Mississauga Library (Ontario) was finalizing plans for a remodel of the Central Library which was to include automated materials handling. The Library's couriers operate out of the Central Library basement, while the Circulation Dept operates on the main floor. The Library sought a thorough analysis of how best to implement materials handling for the Central Library operations as well as Courier operations. Lori Ayre provided the analysis and recommendations and worked through numerous design options with the design and Library teams. Ayre is now working with the Library and City to procure the system.
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Engagement involves working with Multnomah County as they begin rolling out automated material handling technology throughout their system starting with Midland Library as a pilot site. Project includes assisting with the design and configuration of the AMH system at Midland and working with the Library to develop metrics for assessing the initial pilot project. The project also includes developing functional and business requirements for this project. These requirements will be rolled into a larger requirements package for the library system for use during the procurement process over the next few years.
The Seattle Public Library purchased a cutting edge automated materials handling system in 2004 when it opened its new main library. While the system continues to function, it has experienced substantial wear and tear of the last 13 years. The Library decided it was time to explore the automated materials handling marketplace to evaluate whether it was time to replace the system.
As part of the consultation, Lori Ayre evaluated the cost of ownership of the system over the years and worked with staff to understand what was working well and what wasn't working well. She worked with the SPL team to explore opportunities available from the existing AMH vendor as well as other vendors providing competitive solutions and is assisting the library throughout their evaluation of options.
My consulting practice seems to go in phases and lately I’ve been in the consortia phase. It’s a gratifying place to be. In each case, I see the power that comes from libraries coming together to do something better than any one library could do on its own. In some cases, it creates opportunities that would be completely beyond a library’s capability due to lack of resources (be they human or financial or both).
Initiatives that require costly technology or costly technology experts are particularly good projects to handle at the consortial level. The integrated library system (ILS) is one of those big, complicated, costly technologies that can be leveraged in many ways. There’s the underlying platform (server and operating system), the application (the ILS itself), and there are the people involved in managing the system (ILS Administrator) plus the staff using the system. Some, or all, of these components can be shared across libraries.
For example, a group of libraries can use the same server and application yet operate as independent libraries. That’s what a group of libraries in Northern California is doing. They are each part of a shared Koha system hosted by a service provider. Each library administers its own system and has its own patron records and collection. But they save a lot of money by sharing that platform and that vendor contract, and by not having to manage the operating system and deal with backups and software updates.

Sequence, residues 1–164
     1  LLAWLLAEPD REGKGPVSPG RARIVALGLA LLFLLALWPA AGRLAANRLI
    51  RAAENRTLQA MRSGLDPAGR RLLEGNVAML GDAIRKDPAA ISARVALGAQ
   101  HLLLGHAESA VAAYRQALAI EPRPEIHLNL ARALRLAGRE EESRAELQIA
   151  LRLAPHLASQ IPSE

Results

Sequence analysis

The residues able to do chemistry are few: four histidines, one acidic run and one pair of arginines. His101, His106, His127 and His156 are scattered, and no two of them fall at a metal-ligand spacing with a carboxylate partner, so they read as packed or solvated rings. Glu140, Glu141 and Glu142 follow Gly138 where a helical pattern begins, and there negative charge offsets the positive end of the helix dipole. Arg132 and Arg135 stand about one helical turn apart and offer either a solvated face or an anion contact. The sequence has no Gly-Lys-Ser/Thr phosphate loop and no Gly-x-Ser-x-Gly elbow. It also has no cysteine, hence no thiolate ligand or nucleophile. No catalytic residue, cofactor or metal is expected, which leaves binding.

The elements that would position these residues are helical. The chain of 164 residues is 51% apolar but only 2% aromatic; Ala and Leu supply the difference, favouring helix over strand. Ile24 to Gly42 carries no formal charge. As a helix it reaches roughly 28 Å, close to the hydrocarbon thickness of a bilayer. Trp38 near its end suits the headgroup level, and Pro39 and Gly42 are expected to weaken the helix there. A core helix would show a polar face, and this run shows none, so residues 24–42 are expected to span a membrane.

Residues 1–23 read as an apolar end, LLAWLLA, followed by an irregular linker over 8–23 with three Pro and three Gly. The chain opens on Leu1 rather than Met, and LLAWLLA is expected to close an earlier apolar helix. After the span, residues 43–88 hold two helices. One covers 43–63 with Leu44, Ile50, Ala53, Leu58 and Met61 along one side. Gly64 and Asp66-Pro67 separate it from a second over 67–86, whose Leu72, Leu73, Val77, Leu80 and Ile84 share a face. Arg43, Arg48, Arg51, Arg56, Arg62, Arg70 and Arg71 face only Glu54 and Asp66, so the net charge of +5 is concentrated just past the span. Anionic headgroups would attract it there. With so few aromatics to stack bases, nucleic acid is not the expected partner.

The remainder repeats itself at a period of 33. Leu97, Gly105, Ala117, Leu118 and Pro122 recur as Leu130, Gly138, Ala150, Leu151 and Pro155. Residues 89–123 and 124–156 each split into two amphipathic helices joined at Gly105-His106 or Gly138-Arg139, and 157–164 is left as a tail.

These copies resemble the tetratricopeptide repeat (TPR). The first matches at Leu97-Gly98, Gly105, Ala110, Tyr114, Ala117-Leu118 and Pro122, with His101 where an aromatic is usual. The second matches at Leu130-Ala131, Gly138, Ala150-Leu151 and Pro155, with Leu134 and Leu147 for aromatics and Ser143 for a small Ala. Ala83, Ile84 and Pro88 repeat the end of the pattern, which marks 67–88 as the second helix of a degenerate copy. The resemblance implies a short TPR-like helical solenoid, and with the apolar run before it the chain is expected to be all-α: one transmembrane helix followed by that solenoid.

Peninsula Library System (PLS) is a consortium of nine libraries providing. PLS hosts a shared integrated library system (Sierra) and provides delivery services to 41 locations daily. PLS asked Lori Ayre to provide a feasibility analysis for implementing an automated materials handling system to replace the manual sorting done by couriers.
Ayre evaluated the delivery volume, materials movement patterns, courier sorting, presorting done at the libraries, delivery turnaround times, and other aspects of the operation. She provided the PLS Council with several options for consideration including adding a smaller sorter that would operate two waves of sorting, a larger sorter for sorting all material in one wave, providing batch check-in of incoming deliveries at the libraries, and adding an additional delivery day on the weekends.
In November of 2014, Charleston county residents passed a $108.5 million referen-dum to address the Library’s building and technological deficiencies. The Library then sought the services of an architectural/engineering firm to develop a program guide manual for the subsequent Charleston County Public Library (CCPL) Capital Improve-ment Project (CIP) that would affect all 16 outlets of the CCPL system. Lori Ayre of The Galecia Group was included in the proposal submitted by McMillan Pazdan Smith to provide guidance related to RFID, automated materials handling, and workflow optimization.
The CIP project includes building five new library buildings as well as a new Operations Center. In addition, virtually every one of the other branches would be remodeled. The scope of the original engagement included developing guide specifications for certain building systems including security, access, A-V, RFID and product standards for other library items.
Once the program guide had been completed, Ayre was hired by Charleston County in order to assist the County in finalizing RFID and AMH product specifications and help- ing the staff to re-envision how service delivery could be changed with the help of self-service and materials handling technologies. Ayre also developed the scope of services that would be used to identify suitable AMH and RFID vendors.